Law to Help Domestic Violence Survivors

Unchained wrote a bill that was passed into law in New Jersey in 2014 (S1524/A1676) to help domestic violence survivors obtain restraining orders against their abusers (because most Unchained clients are domestic violence survivors).

Domestic violence survivors typically need to prove they have been subjected to a pattern of abuse, to show the abuse is likely to happen again without a restraining order in place. The best way for them to prove that pattern is to show copies of the prior temporary restraining orders they have obtained against their abuser and copies of police reports that accompanied those orders.

However, crime victims previously were required to pay a fee for their records, which not only was insulting to crime victims but also left open the possibility that a domestic violence survivor who could not afford the fee would therefore not seek a life-saving restraining order.

Also, previously a victim’s request for her/his own crime records, itself became a public record that nearly anyone, including an abuser, could access. This obviously could have put domestic violence survivors in additional and unnecessary danger.

Under the law Unchained wrote:

  • Crime victims in New Jersey no longer pay a fee to obtain copies of their own crime records, and
  • Crime victims’ requests for their own records are no longer public.

STATUS

The Assembly unanimously approved A1676 on May 22, 2014.

The Senate unanimously approved S1524 on June 12, 2014.

The Governor signed the bill into law on July 30, 2014.

SPONSORS

The legislation had bipartisan support in New Jersey; its sponsors included the Democratic and Republican leaders in the Senate and the Republican leader in the Assembly.

The bill’s primary sponsors were:

  • Sen. Loretta Weinberg (D-Bergen, Senate Majority Leader)
  • Sen. Tom Kean Jr. (R-Union, Senate Minority Leader)
  • Asm. Gordon M. Johnson (D-Bergen)
  • Asm. Jon Bramnick (R-Union, Assembly Minority Leader)
  • Asm. Jay Webber (R-Morris)
  • Asw. Nancy F. Munoz (R-Union)
  • Asm. Anthony M. Bucco (R-Morris)
  • Asm. Carmelo G. Garcia (D-Hudson)
  • Asw. Caroline Casagrande (R-Monmouth)

SUPPORTERS

The legislation was endorsed and supported by organizations across New Jersey and the US, including:

  • ACLU of New Jersey
  • New Jersey Foundation for Open Government
  • New Jersey Crime Victims’ Law Center
  • New Jersey Coalition for Battered Women
  • AHA Foundation
  • National Crime Victim Law Institute

Additionally, more than 1,000 people signed an online petition on change.org in support of the bill.

ACTUAL LANGUAGE OF THE NEW JERSEY BILL

The legislation is not a long or complicated piece of legislation. It reads like this (with additions italicized and deletions bracketed):

Section 3 of P.L.2012, c.27 (C.52:4B-36.2) is amended to read as follows:

3. Pursuant to Article I, paragraph 22 of the New Jersey Constitution[, no]:

a. A crime victim shall not be required to pay the maintenance, support, rehabilitation, or other costs arising from the imprisonment or commitment of a victimizer as a result of the crime; and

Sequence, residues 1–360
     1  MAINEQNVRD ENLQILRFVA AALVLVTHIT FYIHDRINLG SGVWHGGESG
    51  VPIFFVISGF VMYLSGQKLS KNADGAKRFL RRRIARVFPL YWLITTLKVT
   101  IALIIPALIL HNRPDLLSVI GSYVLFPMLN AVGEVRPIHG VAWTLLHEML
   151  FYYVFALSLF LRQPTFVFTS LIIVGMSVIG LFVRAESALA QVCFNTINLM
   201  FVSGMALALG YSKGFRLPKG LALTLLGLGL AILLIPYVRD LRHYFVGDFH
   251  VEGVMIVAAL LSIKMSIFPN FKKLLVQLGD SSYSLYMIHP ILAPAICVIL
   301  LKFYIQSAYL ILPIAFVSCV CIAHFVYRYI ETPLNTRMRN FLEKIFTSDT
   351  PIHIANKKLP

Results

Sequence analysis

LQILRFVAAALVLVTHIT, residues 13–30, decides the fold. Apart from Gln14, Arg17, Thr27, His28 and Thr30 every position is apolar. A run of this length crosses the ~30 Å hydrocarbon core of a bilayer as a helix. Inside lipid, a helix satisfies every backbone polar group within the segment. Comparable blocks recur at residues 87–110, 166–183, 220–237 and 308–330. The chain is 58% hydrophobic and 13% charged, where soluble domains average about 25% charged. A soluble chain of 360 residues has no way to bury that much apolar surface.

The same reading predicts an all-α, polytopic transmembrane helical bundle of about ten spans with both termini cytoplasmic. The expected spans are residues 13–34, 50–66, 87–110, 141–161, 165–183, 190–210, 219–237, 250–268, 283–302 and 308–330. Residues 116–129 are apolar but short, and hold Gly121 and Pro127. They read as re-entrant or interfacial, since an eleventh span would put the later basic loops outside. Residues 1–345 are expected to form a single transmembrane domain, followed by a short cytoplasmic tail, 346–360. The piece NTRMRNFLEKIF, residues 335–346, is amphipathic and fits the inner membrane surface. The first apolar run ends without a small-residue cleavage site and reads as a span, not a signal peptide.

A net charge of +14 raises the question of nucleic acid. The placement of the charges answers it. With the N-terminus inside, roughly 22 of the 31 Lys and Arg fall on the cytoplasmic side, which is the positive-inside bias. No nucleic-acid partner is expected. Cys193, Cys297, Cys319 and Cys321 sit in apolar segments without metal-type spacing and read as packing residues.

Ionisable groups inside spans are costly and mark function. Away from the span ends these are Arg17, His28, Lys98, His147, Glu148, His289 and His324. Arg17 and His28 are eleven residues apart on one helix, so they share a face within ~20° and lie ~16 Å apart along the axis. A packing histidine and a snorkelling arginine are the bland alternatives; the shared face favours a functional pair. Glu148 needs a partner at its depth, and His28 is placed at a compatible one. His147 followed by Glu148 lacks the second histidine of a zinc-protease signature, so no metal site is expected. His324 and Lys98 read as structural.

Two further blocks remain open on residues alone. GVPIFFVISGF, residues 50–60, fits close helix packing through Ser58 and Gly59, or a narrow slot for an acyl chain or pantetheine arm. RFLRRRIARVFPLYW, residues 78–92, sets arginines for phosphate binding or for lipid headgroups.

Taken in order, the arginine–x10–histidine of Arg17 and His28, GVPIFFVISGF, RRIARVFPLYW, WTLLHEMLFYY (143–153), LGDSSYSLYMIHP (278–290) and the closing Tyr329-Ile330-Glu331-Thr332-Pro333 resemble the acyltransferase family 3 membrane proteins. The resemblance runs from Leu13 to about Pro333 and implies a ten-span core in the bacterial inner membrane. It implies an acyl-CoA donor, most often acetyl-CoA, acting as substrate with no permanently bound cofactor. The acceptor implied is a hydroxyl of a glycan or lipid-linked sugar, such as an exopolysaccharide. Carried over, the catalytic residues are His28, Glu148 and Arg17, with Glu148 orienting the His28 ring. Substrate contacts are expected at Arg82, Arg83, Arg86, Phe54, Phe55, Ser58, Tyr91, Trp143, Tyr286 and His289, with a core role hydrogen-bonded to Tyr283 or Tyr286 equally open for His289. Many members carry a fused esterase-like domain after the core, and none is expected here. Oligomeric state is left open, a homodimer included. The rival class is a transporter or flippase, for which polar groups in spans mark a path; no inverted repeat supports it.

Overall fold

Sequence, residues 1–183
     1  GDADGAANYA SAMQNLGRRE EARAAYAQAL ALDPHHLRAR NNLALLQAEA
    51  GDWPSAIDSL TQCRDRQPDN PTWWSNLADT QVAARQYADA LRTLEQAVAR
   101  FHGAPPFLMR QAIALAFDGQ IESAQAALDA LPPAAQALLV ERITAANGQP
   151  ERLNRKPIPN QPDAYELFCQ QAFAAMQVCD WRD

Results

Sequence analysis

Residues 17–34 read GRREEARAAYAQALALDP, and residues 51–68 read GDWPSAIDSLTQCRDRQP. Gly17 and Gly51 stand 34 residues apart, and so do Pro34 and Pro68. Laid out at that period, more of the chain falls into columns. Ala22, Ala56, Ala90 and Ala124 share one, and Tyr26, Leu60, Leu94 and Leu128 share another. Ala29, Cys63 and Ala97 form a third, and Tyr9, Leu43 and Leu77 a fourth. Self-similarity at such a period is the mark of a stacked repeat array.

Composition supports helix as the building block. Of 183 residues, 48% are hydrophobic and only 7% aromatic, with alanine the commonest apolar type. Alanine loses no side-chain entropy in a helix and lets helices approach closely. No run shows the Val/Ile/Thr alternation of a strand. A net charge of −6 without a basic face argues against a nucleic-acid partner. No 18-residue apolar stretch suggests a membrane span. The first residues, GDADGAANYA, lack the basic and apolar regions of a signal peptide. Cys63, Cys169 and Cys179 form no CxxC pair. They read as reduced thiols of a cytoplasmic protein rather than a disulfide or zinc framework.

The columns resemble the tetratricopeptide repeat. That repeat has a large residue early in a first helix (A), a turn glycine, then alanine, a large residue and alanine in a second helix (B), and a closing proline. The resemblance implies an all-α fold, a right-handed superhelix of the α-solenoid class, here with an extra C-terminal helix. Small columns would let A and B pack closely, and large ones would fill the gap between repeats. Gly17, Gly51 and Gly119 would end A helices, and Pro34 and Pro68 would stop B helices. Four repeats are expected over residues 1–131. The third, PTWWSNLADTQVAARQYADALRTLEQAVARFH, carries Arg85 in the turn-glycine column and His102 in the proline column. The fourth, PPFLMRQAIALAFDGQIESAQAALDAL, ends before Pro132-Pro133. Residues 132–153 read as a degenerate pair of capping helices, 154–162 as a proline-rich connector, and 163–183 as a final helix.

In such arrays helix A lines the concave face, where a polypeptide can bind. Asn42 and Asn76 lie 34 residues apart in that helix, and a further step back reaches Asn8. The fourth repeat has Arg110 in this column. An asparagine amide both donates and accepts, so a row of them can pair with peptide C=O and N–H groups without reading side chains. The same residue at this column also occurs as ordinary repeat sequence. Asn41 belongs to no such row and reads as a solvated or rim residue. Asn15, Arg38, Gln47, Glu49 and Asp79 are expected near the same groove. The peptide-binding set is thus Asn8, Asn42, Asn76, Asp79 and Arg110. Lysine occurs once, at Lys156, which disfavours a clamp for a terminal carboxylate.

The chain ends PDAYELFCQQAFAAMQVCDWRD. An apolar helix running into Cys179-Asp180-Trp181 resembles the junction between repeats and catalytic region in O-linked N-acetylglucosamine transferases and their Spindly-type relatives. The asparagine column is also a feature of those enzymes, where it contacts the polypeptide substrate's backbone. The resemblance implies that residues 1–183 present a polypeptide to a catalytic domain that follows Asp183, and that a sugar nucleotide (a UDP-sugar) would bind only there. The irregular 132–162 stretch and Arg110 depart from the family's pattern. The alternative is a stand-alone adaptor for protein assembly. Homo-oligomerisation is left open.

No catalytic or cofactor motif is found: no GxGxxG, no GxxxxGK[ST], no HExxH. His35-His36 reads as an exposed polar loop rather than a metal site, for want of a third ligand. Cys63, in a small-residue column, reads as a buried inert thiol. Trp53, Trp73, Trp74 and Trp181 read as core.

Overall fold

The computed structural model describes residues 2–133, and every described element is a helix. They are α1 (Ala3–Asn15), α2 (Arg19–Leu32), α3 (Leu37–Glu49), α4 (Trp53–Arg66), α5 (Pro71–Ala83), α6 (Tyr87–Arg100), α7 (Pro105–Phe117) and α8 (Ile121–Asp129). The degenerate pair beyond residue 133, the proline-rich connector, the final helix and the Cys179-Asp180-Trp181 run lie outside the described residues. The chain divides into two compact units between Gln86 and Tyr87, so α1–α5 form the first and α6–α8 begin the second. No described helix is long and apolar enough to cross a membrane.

b. A crime victim shall not be charged any fee otherwise prescribed by law or regulation to obtain copies of a the victim’s own records to which the victim is entitled to access as provided in section 1 of P.L.1995, c.23 (C.47:1A-1.1), including, but not limited to, any law enforcement agency report, domestic violence offense report, and temporary or permanent restraining order.

(cf: P.L.2012, c.27, s.3)

The legislation also amends Section 1 of P.L.1995, c.23 (C.47:1A-1.1) to add this item to the list of records “deemed to be confidential”:

any written request by a crime victim for a record to which the victim is entitled to access as provided in this section, including, but not limited to, any law enforcement agency report, domestic violence offense report, and temporary or permanent restraining order;

Additionally, the legislation amends Section 6 of P.L.2001, c.404 (C.47:1A-5) as follows:

b. (1) A copy or copies of a government record may be 16 purchased by any person upon payment of the fee prescribed by law 17 or regulation. Except as otherwise provided by law or regulation 18 and except as provided in paragraph (2) of this subsection, the fee 19 assessed for the duplication of a government record embodied in the 20 form of printed matter shall be $0.05 per letter size page or smaller, 21 and $0.07 per legal size page or larger. If a public agency can 22 demonstrate that its actual costs for duplication of a government 23 record exceed the foregoing rates, the public agency shall be 24 permitted to charge the actual cost of duplicating the record. The 25 actual cost of duplicating the record, upon which all copy fees are 26 based, shall be the cost of materials and supplies used to make a 27 copy of the record, but shall not include the cost of labor or other 28 overhead expenses associated with making the copy except as 29 provided for in subsection c. of this section. Access to electronic 30 records and non-printed materials shall be provided free of charge, 31 but the public agency may charge for the actual costs of any needed 32 supplies such as computer discs.

(2) No fee shall be charged to a victim of a crime for a copy or 34 copies of a record to which the crime victim is entitled to access, as 35 provided in section 1 of P.L.1995, c.23 (C.47:1A-1.1).